MCB Quantico, VA --
Rain couldn’t stop more than 80 young athletes from a fun day out as Marine Corps Base Quantico’s Exceptional Family Member Program (EFMP) hosted their Fifth Annual Special Olympics Fun Field Day Meet April 22 in Barber Physical Activity Center.
The event was originally scheduled to take place in Butler Stadium, but was moved inside to the gym due to rain. The meet was a non-competitive athletic event for contestants ages three to adult diagnosed with intellectual or developmental disabilities and included athletes from EFMP and surrounding communities.
Athletes were able to participate in an array of events consisting of standing long jump, 50 meter dash and speed walk, an obstacle run, bean bag toss and more. In addition to taking part in the Special Olympic event, every athlete was awarded a participation medal for simply having fun.
As uplifting music filled the room and children ran, jumped and played alongside one another, each athlete held the Special Olympics oath in high regard—“Let me win, but, if I cannot win, let me be brave in the attempt.”
According to EFMP Manager Carlton Sauls, he couldn’t help but be overwhelmed with emotion as he watched these young athletes run side-by-side with their peers and volunteers, because it was an infectious energy that hit him right in his heart.
“I am amazed how well the event came together when the weather wasn’t on our side and there being so many moving parts,” Sauls said. “But, at the end of the day I know that the children and their families had a great time and will have many memories to share.”
Sauls showed much gratitude for more than 150 volunteer Marines, police officers, fire and emergency services officials, civilians and students who came to cheer the athletes on.
It was because of organizations such as the Single Marine Program (SMP), Quantico Fire and Emergency Services (QF&ES), Provost Marshal Office (PMO) and Quantico Middle and High School JROTC that the event was able to maintain a smooth and positive environment for all to enjoy.
Volunteers ran water to the athletes, directed activities, guided groups of athletes from event to event and for a select few athletes, they were assigned a volunteer buddy who supported and encouraged the athlete through the events.
For some volunteers they were the feet for those who could not walk and the hands for those who could not throw.
“SMP could have done a lot of things today for our Days of Service volunteering, but we chose to help warm the hearts of all the young athletes and their families by providing aid to EFMP efforts,” Michael Moore, program manager of SMP said.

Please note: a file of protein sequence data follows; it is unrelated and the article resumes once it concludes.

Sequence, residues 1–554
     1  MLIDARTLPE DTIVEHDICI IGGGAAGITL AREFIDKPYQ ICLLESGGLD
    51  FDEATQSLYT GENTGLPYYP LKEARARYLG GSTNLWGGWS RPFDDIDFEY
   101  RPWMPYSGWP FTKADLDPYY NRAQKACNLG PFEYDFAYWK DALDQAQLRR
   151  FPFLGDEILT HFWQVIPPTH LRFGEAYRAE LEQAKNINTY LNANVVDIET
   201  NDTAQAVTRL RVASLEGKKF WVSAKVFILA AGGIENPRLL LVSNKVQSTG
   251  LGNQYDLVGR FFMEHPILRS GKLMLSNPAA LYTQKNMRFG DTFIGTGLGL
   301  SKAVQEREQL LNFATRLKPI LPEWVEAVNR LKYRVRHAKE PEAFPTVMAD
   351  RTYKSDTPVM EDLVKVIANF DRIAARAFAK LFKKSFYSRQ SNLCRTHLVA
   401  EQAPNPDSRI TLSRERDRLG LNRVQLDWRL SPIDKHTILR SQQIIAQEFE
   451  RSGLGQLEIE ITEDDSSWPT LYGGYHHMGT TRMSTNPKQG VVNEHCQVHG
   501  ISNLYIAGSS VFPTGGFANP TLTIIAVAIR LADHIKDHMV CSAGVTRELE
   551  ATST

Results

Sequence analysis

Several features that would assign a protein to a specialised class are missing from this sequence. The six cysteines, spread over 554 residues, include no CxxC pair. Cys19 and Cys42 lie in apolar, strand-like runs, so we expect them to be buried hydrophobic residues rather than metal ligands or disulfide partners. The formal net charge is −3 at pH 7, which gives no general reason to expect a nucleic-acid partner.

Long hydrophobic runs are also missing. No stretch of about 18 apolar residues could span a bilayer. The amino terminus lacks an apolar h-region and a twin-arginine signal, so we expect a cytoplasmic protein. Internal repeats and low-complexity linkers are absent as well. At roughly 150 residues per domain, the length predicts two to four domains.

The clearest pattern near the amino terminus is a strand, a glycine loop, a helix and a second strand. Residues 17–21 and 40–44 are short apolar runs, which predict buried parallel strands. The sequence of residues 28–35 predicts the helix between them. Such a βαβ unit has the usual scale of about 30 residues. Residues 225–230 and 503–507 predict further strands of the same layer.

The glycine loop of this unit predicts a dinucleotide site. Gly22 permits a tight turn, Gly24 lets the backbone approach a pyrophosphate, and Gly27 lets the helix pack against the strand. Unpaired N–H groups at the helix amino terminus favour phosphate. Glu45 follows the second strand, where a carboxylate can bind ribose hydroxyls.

For Christopher Tucker, master of ceremonies for the Quantico Special Olympic event, the non-profit has left such a strong impression on his life that he has come back three years in a row to take up the role of master of ceremonies. Tucker is the management assistant at Civilian Manpower at Training and Education Command (TECOM).
“The impact of the Special Olympics on the athletes and volunteers is truly immeasurable,” Tucker said in a prior interview with the Sentry. “Personally, my first year, I went out hoping to leave an impression on someone’s life and I hope I did.”
According to Tucker, every year the event has gotten better and better as they have continually pursued new ways to offer new levels of enjoyment.
However, Tucker believes that this event is so much more than simply one day of participation, but rather an event meant to gather a community of people and let them know that they are not alone.
For Angie Johnson, wife of an Air Force airman, the feeling of community was very apparent as this was the second year her daughter participated in the Special Olympics.
With an entire family of support, she was joined by her husband and three girls.
“All my daughter could talk about for two months was running in the Special Olympics with her friends,” Johnson said. “I was just happy to see her happy.”
According to the Special Olympics website, it has been their mission for the past five decades to provide year-round athletic competition and training in a variety of Olympic-type sports for children and adults with intellectual disabilities. This gives them the opportunity to develop physically while demonstrating courage and experiencing joy as they share their gifts with their families, friends, other Special Olympians and surrounding communities.
As the Special Olympics spirit continues to transform lives aboard Quantico, the EFMP hopes to continue to grow the participation of the non-profit’s 4.7 million athletes and millions of volunteers across the globe.
The Marine Corps Exceptional Family Member Program (EFMP) is a mandatory program, MCO 1754.4B, for Marines with family members with exceptional needs. The primary purpose of the EFMP is to ensure the continuum of care for eligible family members by identifying families with special needs and maximizing the provision of medical, educational, and local services.